A LEADING pensions expert has called for a radically new approach to pension funding to deal with crisis.
“Irish defined benefit (DB) pension schemes are now at a tipping point and urgent action is needed to throw a lifeline to schemes,” said Michael Walsh, head of retirement practice at Mercer.
The low yield on German bonds is the latest crisis to hit the DB segment of the market while the cost of funding schemes has doubled in the past 10 years, piling huge pressure on Irish pension schemes, he said.
The latest crisis undermining DB pension plans is the low yield on German bonds and it is not sustainable to fund pensions on the basis of a yield of 3% a year or less, he said.
Without a “creative solution” he warned that more pension funds would run into serious problems.
The Society of Actuaries and the Irish Association of Pension Funds has put proposals to government to address the crisis, Mr Walsh said.
They involve insurers being allowed to sell, and pension schemes being allowed to buy, a new kind of annuity, he said.
These annuities would be linked directly to Irish Government bonds and would “be much cheaper than conventional annuities”.
The important point about such a plan is that it “would increase the chances that pension schemes can continue to operate and make good current funding deficits over time,” he said.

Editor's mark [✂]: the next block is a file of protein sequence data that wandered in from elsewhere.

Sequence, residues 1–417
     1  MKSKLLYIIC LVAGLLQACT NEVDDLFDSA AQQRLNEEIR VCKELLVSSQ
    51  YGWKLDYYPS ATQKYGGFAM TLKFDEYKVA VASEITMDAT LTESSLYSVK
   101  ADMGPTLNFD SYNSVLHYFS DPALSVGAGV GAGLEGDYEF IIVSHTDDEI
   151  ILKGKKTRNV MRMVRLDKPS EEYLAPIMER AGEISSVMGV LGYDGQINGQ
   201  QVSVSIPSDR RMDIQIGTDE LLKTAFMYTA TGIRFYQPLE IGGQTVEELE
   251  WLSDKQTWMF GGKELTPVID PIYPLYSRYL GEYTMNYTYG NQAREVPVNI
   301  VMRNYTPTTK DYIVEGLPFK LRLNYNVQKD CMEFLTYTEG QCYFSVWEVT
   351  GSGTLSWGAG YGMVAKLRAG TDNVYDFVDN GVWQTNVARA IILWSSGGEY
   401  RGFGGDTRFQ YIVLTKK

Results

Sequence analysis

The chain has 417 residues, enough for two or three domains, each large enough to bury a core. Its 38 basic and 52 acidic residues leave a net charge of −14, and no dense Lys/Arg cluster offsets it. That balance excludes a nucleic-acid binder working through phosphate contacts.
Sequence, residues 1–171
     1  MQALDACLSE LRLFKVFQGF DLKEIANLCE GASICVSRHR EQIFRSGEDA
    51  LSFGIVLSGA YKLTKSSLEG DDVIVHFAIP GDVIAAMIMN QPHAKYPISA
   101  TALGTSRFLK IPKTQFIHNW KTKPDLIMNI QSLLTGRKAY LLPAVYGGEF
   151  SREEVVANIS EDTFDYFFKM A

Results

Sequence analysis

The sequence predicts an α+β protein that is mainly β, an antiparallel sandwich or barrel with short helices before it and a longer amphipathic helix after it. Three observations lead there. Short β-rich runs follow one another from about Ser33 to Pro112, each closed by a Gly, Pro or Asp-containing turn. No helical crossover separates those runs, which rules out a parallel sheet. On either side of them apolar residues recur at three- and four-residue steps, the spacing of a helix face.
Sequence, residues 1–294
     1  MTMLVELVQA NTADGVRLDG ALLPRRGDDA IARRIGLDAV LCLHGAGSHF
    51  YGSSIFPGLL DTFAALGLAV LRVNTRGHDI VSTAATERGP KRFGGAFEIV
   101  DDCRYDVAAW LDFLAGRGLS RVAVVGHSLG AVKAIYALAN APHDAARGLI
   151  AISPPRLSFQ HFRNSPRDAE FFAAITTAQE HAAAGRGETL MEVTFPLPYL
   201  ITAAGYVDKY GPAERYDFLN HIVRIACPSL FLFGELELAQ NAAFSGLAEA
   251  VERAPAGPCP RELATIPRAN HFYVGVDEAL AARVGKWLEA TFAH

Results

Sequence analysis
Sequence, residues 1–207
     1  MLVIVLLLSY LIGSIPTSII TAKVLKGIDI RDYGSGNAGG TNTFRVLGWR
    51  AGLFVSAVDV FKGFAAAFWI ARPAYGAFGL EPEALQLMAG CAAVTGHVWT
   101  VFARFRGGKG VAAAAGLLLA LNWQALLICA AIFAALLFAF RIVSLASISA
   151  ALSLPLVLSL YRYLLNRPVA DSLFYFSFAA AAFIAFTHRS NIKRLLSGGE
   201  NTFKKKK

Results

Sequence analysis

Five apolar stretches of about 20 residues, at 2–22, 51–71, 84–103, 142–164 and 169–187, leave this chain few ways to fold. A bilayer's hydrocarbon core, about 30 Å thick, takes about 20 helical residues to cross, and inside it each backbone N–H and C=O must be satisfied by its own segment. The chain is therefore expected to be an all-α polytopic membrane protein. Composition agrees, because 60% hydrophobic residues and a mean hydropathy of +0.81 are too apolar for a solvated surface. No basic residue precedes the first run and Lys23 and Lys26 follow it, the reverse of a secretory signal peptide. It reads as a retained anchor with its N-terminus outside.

In the current environment the Pensions Board has extended its usual deadlines to give struggling pension schemes more time to develop plans to address their funding deficits.
But the dip in Eurozone bond markets has hit pension schemes, just as the deadlines for submitting recovery plans to the Pensions Board approach, he said.
Most pension schemes have spent many months building recovery plans, negotiating contributions and benefit changes with employers, employees and unions but these recovery plans may no longer work.
“Without time or appetite to go back to the drawing board, employers could now decide that there is no option other than to wind up,” Mr Walsh warned.
The Department of Finance is considering the proposals forwarded by the Society of Actuaries and the IAPF, but with time rapidly running out for pension schemes, this decision is needed urgently.
“Sovereign annuities are one potential solution,” he said.
If that is not acceptable to the authorities then Mercer believes an alternative to annuity purchase is needed for pension schemes that wind up, he said.
Mercer has also proposed that pension schemesthat wind up should be allowed to pay lump sums to pensioners instead of buying annuities and the money put into an Approved Retirement Fund which would provide income to the holder as needed, he said.
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